Another announcement at an FFA meeting brought renewed interest in getting involved. I created a Google Doc for the script planning and one night as I was eating dinner, I watched the script collaboration come to life before my eyes on the computer screen. It’s a a very cool experience to watch virtual collaboration.  Two days later, we had a cast ready to record and a member ready to do the video creation. Through iMovie, we spliced together a creation that highlighted the diversity of careers that agricultural education prepares people for. Then, I patiently and the members anxiously waited to the results.

Since we knew we couldn’t share the video itself until the results were announced, I used my iPhone and iMovie to create a video to share about the process. The chapter Vice President also prepared a blooper reel to share at our April chapter meeting.IMG_1173

Ag Ed Advocacy Video Creation

The day before our April Chapter FFA Meeting, the results were posted.  Our video earned honorable mention. I was pleased. Honorable mention in a national level contest is a big deal when you are middle school students going up against high school students.  Some of our members were disappointed that we did not take first place, but it helped them to set two goals for next year:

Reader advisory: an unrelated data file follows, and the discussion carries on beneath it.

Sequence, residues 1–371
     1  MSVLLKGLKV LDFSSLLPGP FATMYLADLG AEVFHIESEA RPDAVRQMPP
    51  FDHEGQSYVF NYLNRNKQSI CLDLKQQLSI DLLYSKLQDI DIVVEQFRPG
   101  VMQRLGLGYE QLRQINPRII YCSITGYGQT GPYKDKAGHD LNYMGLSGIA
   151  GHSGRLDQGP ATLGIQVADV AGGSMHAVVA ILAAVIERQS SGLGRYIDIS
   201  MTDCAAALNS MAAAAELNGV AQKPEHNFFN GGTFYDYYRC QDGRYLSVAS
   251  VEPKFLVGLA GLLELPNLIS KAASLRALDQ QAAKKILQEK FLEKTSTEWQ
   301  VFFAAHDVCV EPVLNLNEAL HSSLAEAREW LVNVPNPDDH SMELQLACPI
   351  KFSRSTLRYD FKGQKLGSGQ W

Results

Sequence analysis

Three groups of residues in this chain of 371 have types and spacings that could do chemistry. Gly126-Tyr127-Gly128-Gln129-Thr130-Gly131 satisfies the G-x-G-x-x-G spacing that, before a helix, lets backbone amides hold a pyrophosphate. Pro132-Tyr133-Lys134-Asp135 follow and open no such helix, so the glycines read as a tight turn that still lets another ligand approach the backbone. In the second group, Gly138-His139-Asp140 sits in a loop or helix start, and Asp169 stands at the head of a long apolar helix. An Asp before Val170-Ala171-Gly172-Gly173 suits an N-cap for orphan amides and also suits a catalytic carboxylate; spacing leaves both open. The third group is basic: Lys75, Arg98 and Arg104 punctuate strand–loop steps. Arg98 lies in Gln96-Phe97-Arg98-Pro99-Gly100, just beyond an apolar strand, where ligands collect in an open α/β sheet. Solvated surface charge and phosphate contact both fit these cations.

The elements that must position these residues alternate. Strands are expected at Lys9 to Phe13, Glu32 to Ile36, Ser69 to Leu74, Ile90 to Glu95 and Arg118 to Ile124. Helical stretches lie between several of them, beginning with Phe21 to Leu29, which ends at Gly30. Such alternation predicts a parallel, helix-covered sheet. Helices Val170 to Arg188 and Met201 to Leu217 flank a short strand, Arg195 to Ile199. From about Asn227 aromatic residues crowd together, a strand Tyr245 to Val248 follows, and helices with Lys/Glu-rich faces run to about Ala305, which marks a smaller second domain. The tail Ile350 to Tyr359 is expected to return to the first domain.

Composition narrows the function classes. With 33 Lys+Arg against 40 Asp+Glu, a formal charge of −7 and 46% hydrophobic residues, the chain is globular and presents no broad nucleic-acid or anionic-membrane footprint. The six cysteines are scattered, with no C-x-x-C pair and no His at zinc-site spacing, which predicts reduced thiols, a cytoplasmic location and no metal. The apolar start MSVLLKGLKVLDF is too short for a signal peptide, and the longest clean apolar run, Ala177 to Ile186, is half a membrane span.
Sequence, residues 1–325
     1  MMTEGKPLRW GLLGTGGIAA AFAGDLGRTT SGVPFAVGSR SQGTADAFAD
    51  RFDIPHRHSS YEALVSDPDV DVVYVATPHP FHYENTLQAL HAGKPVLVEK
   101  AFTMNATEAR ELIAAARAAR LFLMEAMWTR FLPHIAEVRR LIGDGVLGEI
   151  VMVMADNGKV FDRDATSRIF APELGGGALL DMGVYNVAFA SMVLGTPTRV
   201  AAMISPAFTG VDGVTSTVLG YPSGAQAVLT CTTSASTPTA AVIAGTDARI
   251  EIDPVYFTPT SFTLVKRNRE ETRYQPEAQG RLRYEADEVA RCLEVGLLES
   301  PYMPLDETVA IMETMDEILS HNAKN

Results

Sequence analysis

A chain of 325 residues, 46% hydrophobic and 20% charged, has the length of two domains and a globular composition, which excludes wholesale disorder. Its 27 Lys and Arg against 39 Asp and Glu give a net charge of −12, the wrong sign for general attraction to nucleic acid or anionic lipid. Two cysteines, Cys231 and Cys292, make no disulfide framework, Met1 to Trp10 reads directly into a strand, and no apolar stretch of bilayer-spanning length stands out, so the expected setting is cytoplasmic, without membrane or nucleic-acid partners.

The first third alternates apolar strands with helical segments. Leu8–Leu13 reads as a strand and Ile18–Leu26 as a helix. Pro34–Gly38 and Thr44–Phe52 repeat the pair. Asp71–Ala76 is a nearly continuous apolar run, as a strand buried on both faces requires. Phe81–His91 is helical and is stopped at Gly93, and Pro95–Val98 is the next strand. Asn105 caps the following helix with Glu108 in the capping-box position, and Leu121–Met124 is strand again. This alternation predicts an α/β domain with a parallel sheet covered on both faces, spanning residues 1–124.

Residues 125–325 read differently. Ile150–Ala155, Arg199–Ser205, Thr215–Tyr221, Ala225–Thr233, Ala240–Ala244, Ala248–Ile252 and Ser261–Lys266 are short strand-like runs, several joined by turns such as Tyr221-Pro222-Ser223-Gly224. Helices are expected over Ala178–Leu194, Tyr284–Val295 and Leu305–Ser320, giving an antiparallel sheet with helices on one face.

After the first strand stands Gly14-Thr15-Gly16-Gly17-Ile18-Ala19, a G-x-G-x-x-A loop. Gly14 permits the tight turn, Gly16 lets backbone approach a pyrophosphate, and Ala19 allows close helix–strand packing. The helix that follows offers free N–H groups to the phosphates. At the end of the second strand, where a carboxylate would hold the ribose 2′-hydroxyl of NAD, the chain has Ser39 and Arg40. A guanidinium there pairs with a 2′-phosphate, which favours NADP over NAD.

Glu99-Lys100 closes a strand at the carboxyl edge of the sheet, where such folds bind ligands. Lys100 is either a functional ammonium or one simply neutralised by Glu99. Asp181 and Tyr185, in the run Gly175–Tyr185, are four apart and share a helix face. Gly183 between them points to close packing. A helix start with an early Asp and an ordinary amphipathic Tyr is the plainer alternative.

1) enter the NAAE Ag Ed Video Advocacy contest again next year and start planning in a more timely fashion
2) create a social media action plan and support it with activities that will help us be a competitor in the New Jersey FFA Chapter Challenge during the 2014-15 school year.

Here’s our award winning video.

Ag Ed Leads to Bright Careers

The national winner and other honorable mentions are accessible here.

(PS – The last time I protected my chapter vice president’s identity by hiding her face with a sunshine, she was terrible upset that I was not sharing her awesomeness with the world.  So, she gets big billing in the feature photo of this post.)




Blooming Students

Look at That Container

IMG_1760I’m a little behind on getting this blog post up, but it certainly merits a mention. Early March is a time where student success is blooming in the middle school FFA chapter. The New Jersey FFA Horticultural Exposition happened on Friday, March 14. For several weeks leading up to this event, members learned about floral design, explored different design styles, exchanged ideas and created their designs from silk flowers. For many of them, the biggest frustration came from having to apply math skills as they did their price sheet to submit with their entry.